MORE than 100 cows have died on the Vroon livestock carrier Brahman Express on a voyage from Darwin to Jakarta.

The Department of Agriculture, Fisheries and Forestry confirmed this afternoon [26 March] it had been notified by a commercial exporter “of an incident involving cattle deaths on a live export vessel exporting to Indonesia”. The 22-year old ship sailed on 15 March and arrived at Panjang on 20 March and then Belawan two days later.

“Prior to departure, the department undertook pre-export inspections to ensure that the livestock met requirements under the Export Control Act 2020 and importing-country requirements,” DAFF said.

“There is no suggestion that exotic animal disease is involved. We are investigating the incident as per normal procedures and as a matter of priority.

“Australia remains free of exotic animal diseases such as Lumpy Skin Disease and Foot and Mouth Disease.” 

There has been no information released about the number of animals shipped on Brahman Express but it is reported as having capacity for around 4500 feeder cattle or 2200 heavier weight cattle. The notifiable mortality level for cattle transported by sea is 0.5% of the shipment or three animals, whichever is greater. Efforts are underway to treat remaining animals that may be affected.

In a statement Australian Livestock Exporters’ Council chief executive Mark Harvey-Sutton said initial assumptions were that an outbreak of botulism could be the cause, given the animals came from a single property.

“Prior to departure, all livestock loaded onto the vessel were assessed to be in good health and fit to load and were inspected by veterinarians,” Mr Harvey Sutton said.

“The issue was self-reported by the exporter, which is assisting DAFF with further investigation. The exporter has conducted itself correctly through the process and will work closely with DAFF to determine the cause of the deaths.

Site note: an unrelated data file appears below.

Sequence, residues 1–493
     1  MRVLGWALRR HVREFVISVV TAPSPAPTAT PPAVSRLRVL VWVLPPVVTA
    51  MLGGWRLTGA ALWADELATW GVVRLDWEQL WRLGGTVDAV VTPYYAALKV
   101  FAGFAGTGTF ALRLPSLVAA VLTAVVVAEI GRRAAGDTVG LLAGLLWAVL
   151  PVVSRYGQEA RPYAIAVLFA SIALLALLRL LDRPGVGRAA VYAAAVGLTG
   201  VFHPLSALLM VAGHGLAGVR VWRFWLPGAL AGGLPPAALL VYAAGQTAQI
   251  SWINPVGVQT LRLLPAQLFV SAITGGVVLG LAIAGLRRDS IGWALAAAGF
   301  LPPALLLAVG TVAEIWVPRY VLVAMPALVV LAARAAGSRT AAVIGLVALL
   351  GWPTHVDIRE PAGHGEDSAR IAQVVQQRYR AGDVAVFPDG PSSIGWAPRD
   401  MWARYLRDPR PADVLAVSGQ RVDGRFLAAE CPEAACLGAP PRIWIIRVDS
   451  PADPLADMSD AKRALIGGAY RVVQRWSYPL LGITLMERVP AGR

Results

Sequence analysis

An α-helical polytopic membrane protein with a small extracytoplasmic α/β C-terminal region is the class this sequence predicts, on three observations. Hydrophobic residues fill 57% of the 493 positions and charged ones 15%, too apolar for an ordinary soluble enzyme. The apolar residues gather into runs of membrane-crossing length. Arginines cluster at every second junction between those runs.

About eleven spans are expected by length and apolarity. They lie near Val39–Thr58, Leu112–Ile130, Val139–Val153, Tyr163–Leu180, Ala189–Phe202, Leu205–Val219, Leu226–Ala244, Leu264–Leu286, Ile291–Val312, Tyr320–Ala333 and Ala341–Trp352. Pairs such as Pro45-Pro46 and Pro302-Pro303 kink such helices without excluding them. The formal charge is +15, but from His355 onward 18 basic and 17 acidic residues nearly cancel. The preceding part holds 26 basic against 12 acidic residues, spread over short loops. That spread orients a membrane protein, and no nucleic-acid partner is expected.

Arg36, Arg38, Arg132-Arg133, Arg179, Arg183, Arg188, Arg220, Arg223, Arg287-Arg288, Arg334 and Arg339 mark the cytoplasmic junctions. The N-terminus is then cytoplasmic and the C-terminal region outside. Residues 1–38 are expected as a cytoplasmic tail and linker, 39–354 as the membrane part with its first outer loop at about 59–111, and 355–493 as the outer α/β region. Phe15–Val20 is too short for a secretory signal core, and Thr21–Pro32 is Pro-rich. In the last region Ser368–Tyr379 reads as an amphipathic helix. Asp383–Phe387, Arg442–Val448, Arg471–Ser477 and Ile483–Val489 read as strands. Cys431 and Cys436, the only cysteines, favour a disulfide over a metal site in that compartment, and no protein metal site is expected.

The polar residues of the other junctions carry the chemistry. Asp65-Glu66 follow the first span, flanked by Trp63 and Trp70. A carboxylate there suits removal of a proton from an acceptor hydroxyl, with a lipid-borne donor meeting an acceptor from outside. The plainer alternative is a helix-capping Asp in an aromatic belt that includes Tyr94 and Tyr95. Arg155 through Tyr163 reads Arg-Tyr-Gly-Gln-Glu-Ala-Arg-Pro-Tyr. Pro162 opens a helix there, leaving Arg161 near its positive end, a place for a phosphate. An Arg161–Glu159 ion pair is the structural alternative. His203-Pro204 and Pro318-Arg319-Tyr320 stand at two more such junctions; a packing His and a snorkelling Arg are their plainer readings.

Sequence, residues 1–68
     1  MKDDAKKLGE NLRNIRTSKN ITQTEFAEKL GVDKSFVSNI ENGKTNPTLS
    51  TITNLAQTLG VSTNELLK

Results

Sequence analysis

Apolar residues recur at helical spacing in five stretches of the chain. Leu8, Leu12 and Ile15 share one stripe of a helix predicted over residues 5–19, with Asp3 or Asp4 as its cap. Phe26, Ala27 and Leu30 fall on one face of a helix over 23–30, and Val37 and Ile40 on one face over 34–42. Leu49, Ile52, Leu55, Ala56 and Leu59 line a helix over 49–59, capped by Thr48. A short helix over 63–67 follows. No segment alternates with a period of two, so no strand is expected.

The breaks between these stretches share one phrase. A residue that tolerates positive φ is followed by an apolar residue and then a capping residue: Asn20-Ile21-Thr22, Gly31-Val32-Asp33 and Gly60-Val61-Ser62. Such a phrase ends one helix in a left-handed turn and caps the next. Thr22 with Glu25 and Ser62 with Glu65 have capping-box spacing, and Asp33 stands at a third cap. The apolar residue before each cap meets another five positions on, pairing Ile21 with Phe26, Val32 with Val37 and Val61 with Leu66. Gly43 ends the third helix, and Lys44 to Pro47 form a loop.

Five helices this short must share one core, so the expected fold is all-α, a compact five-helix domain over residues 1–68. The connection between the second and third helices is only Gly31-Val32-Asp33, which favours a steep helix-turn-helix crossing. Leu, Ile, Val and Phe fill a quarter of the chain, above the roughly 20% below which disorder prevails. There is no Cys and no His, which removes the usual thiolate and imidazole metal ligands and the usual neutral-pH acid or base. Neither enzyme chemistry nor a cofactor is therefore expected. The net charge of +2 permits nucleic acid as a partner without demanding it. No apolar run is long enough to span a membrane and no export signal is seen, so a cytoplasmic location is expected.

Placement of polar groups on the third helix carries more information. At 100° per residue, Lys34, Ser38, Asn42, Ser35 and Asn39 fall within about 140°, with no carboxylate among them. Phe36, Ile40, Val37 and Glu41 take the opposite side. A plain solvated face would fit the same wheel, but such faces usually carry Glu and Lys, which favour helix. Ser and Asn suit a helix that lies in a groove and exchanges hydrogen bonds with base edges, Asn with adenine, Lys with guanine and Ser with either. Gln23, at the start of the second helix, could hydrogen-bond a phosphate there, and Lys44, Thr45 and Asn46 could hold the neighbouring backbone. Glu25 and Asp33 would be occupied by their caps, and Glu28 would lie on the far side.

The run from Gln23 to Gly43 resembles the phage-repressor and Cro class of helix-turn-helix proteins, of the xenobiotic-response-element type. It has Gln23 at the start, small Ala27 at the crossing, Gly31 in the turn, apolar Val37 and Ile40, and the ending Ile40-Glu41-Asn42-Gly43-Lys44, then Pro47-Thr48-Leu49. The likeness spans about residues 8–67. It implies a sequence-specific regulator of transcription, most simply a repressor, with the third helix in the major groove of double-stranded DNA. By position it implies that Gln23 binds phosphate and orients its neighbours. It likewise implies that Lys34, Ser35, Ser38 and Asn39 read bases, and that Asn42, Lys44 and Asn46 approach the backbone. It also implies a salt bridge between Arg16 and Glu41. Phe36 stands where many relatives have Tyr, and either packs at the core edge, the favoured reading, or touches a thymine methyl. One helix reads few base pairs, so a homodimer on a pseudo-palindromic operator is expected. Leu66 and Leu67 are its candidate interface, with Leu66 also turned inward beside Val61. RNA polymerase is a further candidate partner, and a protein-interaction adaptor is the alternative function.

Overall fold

“DAFF is engaging with Indonesian officials to keep them informed of the issue. Australia is confident that there is no evidence of an exotic disease and that our Animal Health Status remains unchanged.

“Indonesia is Australia’s most important trading partner for live cattle and it is important that we work closely and transparently with them as we work through this issue.”

Brahman Express has hit the headlines on more than one prior occasion. On 4 October 2023 it suffered an engine room fire shortly after sailing from Darwin with 3800 cattle. Although no injuries to crew or livestock were reported, AMSA ordered the ship return to port. Livestock were discharged and reloaded on another ship, with Brahman Express subsequently (23 October) towed to Singapore for repairs.

In February 2023 DAFF placed an independent observer board the vessel for a 13-day voyage from Townsville to Jakarta with 3545 head of cattle.  No adverse animal health and welfare outcomes arising from exporter arrangements were observed, and no regulatory action was taken for the voyage, which received a clean bill-of-health from the observer.